The resort is one of three Vermont ski areas owned by Vail Resorts Inc., including Mount Snow and Okemo, as well as Whistler Blackcomb in British Columbia. Stowe offers an unbeatable on-and-off-slope experience, with accommodations and restaurants at its base, and a plethora of inns, hotels, restaurants, pubs and boutiques all the way down the access road (Route 108) and in the picturesque village below. Stowe is as iconic and pretty as a New England town can be. It’s an easy drive, just 15 minutes off Interstate 81 east of Burlington.


Less than an hour south of Stowe (and only 20 minutes south of I-81) is Sugarbush, another classic Vermont resort. In operation since 1958, the resort has more than 100 trails spanning five faces on two mountains, Lincoln Peak and Mount Ellen. The latter was a separate resort, Glen Ellen, until 1979. Both mountains have impressive vertical drops of 2,400 and 2,600 feet respectively. Of note are extensive glade and off-piste terrains, including the 2,000-acre Slide Brook Basin situated in a valley between the two mountains. The resort’s two bases are linked by a high-speed chairlift, as well as a free shuttle. There is plenty of slope-side accommodation at the Sugarbush base, and numerous restaurants and bars. The choice extends to the villages of Warren and Waitsfield down on Route 100. Sugarbush is owned by Alterra Mountain Co., along with Stratton in southern Vermont as well as Tremblant and Blue Mountain (Ontario).


Sugarbush has more than 100 trails spanning five faces on two mountains



At the heart of Vermont skiing is the big one, Killington. Everything about this resort is big – number of peaks (6), number of trails (155), skiable terrain (1,500 acres), vertical drop (3,000 feet), lifts (22) and number of gondolas (3). And that doesn’t include its subsidiary ski centre, Pico Peak a few miles to the west, which adds 58 trails and seven lifts to the total. Add to that Killington’s claim to New England’s longest ski season (late October to sometimes early June), due to the East’s most extensive snow-making system. The big event of the year comes early in the season, when the resort hosts the world’s top skiers at the Killington Cup, the opening event of the FIS women’s World Cup season. This week-long event attracts more than 15,000 visitors; the resort has nearly one million skier visits annually. That means a lot of accommodation and food-and-beverage services to keep the Killington faithful rested and fuelled. In addition to the 200-room Grand Killington Hotel at the resort’s main base, there are numerous condo hotels, inns, chalet rentals, bars and restaurants lining its access road, high above the junction of routes US-4 and VT-100. Killington is a bit farther from Montreal than the above resorts, but worth the extra drive if you want a lot of variety on and off the slopes.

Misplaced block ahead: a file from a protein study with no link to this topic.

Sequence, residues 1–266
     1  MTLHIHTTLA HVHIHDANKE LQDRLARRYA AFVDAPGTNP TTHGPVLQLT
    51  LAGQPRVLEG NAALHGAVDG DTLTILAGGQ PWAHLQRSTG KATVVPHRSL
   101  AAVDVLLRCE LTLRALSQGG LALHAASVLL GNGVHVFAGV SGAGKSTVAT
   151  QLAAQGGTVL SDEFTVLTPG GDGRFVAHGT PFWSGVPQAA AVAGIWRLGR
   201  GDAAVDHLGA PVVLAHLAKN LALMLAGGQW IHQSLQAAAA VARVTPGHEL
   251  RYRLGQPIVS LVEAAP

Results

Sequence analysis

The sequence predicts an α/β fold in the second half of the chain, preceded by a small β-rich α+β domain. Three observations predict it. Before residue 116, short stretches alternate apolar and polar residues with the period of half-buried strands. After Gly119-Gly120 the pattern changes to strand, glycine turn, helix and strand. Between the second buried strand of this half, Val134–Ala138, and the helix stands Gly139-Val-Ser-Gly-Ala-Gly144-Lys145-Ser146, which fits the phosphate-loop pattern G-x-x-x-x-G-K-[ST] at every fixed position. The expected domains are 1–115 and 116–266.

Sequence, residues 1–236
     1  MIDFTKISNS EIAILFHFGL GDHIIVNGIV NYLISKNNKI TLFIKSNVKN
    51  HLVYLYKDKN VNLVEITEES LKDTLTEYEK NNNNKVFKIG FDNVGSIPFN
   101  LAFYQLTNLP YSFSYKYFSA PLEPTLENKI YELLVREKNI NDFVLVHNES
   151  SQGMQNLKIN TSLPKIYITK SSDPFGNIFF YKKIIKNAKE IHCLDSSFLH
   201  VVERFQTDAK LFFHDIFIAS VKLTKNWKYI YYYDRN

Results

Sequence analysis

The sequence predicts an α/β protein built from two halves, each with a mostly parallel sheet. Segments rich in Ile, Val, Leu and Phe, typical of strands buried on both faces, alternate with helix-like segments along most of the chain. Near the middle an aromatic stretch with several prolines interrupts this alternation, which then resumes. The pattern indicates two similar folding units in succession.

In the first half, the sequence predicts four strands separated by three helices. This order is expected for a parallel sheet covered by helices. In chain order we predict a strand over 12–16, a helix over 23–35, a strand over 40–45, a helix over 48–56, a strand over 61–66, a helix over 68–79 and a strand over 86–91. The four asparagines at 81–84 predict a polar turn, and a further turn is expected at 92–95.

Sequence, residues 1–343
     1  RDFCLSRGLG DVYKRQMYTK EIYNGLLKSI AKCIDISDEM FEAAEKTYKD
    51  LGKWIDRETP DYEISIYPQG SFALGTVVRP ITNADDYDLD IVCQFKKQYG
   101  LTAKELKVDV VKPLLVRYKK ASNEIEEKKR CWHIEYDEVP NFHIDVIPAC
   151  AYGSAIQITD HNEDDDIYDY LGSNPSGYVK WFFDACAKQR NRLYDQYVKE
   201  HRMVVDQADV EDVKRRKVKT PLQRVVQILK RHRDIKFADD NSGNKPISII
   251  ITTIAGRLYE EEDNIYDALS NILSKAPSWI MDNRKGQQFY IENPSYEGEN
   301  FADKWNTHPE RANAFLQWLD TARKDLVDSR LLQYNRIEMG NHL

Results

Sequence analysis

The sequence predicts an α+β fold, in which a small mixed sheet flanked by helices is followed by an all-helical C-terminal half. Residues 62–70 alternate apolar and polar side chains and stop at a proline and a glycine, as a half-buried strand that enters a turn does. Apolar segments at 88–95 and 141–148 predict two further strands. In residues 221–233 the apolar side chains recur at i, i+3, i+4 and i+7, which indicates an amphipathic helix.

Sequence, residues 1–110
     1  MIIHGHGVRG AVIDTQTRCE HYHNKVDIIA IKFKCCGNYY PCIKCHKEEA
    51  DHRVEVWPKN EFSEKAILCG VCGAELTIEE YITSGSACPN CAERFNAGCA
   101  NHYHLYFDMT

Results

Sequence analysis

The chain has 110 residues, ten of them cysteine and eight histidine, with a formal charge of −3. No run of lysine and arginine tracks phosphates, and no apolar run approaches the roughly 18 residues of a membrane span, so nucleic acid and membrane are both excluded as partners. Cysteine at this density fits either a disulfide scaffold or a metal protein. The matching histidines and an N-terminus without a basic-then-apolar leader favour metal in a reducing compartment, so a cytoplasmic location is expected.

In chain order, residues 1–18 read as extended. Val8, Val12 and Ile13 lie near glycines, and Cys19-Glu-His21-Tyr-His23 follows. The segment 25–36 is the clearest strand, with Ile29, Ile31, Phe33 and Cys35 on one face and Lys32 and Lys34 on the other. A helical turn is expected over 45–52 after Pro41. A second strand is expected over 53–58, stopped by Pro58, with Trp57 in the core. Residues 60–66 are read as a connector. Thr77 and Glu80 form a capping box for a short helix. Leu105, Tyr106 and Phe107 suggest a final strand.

Sugarbush Vermont Skiing

Glades skiing at Sugarbush



Less known than its big-name neighbours, Okemo Mountain Resort holds its own thanks to some impressive alpine numbers – 121 trails, 20 lifts and 2,200 vertical feet descending from a 3,344-foot summit. Its family orientation is supported by a substantial slope-side condo accommodation, “family progression” snow parks (geared to age and ability), a strong ski school, a snowtubing park, a year-round coaster slide and an indoor skating rink. If you’re not wanting to cook and clean up, there are 12 places to dine out at the resort. Okemo is near Ludlow, little more than a half hour from Killington, Manchester or Intestate 91 at Weathersfield.


There’s yet more major skiing farther south in Vermont. At Stratton, southern Vermont’s highest mountain, you can ski 88 trails served by 11 lifts over 2,000 vertical feet, anchored by a resort village similar to what you find at Tremblant. That’s not surprising, since Stratton was expanded under the ownership of Intrawest Corp. before ownership transitioned to Alterra Mountain Co. in recent years. (Intrawest, of course, developed similar villages at Tremblant, Blue Mountain (Ontario) and Whistler-Blackcomb.) Thus, there are plenty of accommodation and restaurant choices (22 of each, in fact), and lots to do when not on the slopes. What’s more, the resort is little more than a half hour to Manchester, which boasts some of Vermont best shopping and dining, not to mention a number of outstanding inns and hotels.

Mount Snow, Vermont

Freshly groomed slopes at Mount Snow
ready for the day’s first skiers

Mount Snow

Vermont’s southernmost ski centre is Mount Snow, a half-hour beyond Stratton. Popular among skiers from Boston and New York, it offers an alpine atmosphere in the wide Deerfield Valley. There are 82 trails spread across the mountain’s four faces, accessed by 19 lifts. Unbeatable for a quiet escape, the resort is anchored by the large, amenity-laden Grand Summit Lodge Resort at its main base. Mount Snow’s base doesn’t offer the same village atmosphere of Stowe or Stratton. However, there are a number of inns and more than 30 restaurants in the valley and in nearby Wilmington. Mount Snow shares Vail Resorts’ Epic season passes with two Vermont neighbours, Stowe and Okemo, as well as dozens of other resorts in North America.

Vermont Skiing